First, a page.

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Gemcitabine and docetaxel in metastatic, castrate-resistant prostate cancer†
Results from a phase 2 trial
Article first published online: 4 OCT 2010
Copyright © 2010 American Cancer Society
Volume 117, Issue 4, pages 752–757, 15 February 2011
How to Cite
Garcia, J. A., Hutson, T. E., Shepard, D., Elson, P. and Dreicer, R. (2011), Gemcitabine and docetaxel in metastatic, castrate-resistant prostate cancer. Cancer, 117: 752–757. doi: 10.1002/cncr.25457
Presented at the 2006 American Society of Clinical Oncology Prostate Cancer Symposium; San Francisco, California; February 24-26, 2006.
- Issue published online: 3 FEB 2011
- Article first published online: 4 OCT 2010
- Manuscript Accepted: 3 MAY 2010
- Manuscript Revised: 29 APR 2010
- Manuscript Received: 2 MAR 2010
- castrate-resistant prostate cancer;
- prostate-specific antigen
Docetaxel is the standard of care for patients with metastatic, castrate-resistant prostate cancer (CRPC). Gemcitabine is a nucleoside analogue with broad antitumor activity. In a phase 2 study of combined docetaxel and gemcitabine, the authors assessed its safety and activity in patients with chemotherapy-naive, metastatic CRPC.
Eligible patients had untreated, metastatic CRPC with radiologic and/or biochemical evidence of progression after antiandrogen withdrawal with castrate testosterone levels, an Eastern Cooperative Oncology performance status (ECOG PS) of 0 to 2, and adequate organ function; no previous chemotherapy was permitted. Patients received gemcitabine (800 mg/m2) Days 1 and 8 and docetaxel (75 mg/m2) on Day 8 every 21 days for a maximum of 6 cycles. Response was evaluated using Response Evaluation Criteria in Solid Tumors (RECIST) for measurable disease. A prostate-specific antigen (PSA) response was defined as a decline ≥50% in baseline PSA level.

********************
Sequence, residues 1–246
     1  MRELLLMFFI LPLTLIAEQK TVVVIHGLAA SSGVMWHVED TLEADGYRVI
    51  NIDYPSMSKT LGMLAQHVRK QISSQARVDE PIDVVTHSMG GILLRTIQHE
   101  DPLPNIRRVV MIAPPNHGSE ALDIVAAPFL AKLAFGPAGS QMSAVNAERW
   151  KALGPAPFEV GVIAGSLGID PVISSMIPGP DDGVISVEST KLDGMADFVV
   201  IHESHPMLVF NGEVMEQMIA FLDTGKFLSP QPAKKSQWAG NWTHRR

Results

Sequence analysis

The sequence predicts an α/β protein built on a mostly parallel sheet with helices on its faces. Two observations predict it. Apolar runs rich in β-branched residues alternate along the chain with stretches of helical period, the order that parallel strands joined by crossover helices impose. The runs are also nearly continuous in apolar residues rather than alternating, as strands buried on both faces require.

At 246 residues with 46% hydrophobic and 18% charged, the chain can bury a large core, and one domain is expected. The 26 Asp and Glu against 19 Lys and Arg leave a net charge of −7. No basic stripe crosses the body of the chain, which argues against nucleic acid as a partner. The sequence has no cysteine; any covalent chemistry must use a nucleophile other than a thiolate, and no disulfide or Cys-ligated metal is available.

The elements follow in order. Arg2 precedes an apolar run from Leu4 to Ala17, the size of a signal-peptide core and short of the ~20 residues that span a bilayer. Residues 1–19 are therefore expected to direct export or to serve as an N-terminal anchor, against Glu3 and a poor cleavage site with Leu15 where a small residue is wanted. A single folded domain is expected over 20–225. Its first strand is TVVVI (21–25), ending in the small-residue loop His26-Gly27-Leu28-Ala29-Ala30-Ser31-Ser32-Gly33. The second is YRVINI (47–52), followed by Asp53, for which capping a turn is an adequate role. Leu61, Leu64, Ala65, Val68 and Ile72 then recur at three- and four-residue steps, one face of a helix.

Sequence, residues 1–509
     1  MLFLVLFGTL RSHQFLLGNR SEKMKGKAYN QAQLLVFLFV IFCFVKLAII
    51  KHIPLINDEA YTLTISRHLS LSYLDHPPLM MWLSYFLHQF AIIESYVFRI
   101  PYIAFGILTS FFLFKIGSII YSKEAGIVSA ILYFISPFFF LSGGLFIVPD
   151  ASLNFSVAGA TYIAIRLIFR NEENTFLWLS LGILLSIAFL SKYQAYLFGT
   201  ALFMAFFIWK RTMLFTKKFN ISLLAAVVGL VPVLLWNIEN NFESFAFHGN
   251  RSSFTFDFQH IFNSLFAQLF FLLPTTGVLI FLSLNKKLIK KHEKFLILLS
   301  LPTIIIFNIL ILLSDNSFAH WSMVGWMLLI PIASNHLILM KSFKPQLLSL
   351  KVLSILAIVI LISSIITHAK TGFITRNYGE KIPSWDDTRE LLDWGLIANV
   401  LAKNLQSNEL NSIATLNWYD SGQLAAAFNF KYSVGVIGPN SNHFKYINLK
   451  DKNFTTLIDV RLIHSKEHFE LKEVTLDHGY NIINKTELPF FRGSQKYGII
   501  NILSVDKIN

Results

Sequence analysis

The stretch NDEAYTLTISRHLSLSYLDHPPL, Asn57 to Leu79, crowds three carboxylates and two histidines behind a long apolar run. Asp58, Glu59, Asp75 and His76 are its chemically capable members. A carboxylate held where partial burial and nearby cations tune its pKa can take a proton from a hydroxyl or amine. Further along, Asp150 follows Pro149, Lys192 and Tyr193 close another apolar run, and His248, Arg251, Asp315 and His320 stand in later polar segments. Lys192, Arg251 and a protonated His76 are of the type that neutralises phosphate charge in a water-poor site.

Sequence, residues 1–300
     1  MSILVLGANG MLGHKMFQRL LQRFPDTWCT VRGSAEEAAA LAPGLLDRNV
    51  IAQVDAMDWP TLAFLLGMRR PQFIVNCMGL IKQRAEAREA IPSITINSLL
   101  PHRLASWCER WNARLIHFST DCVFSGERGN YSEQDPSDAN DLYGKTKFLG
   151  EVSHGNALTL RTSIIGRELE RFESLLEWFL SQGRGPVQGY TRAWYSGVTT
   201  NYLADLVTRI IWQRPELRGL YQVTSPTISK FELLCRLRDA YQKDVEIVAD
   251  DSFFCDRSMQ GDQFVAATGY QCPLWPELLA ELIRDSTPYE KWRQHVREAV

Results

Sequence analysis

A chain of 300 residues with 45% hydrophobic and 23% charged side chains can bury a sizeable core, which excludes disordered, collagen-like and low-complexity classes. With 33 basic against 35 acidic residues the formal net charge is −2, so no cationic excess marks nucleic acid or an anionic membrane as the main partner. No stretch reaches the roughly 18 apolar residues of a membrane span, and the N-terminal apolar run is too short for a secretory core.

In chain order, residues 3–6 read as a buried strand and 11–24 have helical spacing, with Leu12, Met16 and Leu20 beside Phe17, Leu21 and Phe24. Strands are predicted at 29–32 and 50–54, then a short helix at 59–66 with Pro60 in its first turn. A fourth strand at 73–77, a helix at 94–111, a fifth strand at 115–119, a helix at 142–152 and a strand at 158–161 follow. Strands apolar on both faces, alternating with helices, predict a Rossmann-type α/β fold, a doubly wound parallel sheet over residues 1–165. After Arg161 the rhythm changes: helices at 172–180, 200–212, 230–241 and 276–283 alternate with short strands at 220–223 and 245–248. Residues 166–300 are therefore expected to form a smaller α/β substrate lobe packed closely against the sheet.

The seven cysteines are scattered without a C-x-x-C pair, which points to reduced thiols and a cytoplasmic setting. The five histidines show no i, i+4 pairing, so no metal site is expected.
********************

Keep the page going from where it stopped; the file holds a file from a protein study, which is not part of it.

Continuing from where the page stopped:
Thirty-five patients with chemotherapy-naive, metastatic CRPC were enrolled. The median age was 67 years, and 60% of patients had an ECOG PS of 0. PSA responses were observed in 49% of patients. Among the patients who had measurable disease (n = 25), 3 patients (12%) had a confirmed, RECIST-defined partial response (PR); 4 patients (16%) had an unconfirmed PR; and 15 patients (60%) achieved stable disease. The most common adverse events included grade 1 and 2 fatigue (69%), alopecia (80%), and nausea/vomiting (54%). No treatment-related deaths were noted, but an unusually high incidence of grade 3 and 4 neutropenia was observed.
The efficacy of combined gemcitabine and docetaxel in metastatic CRPC was similar to that observed with single-agent docetaxel. In contrast to single-agent docetaxel, the combination was moderately toxic and had an impact primarily on bone marrow reserve. Cancer 2011. © 2010 American Cancer Society.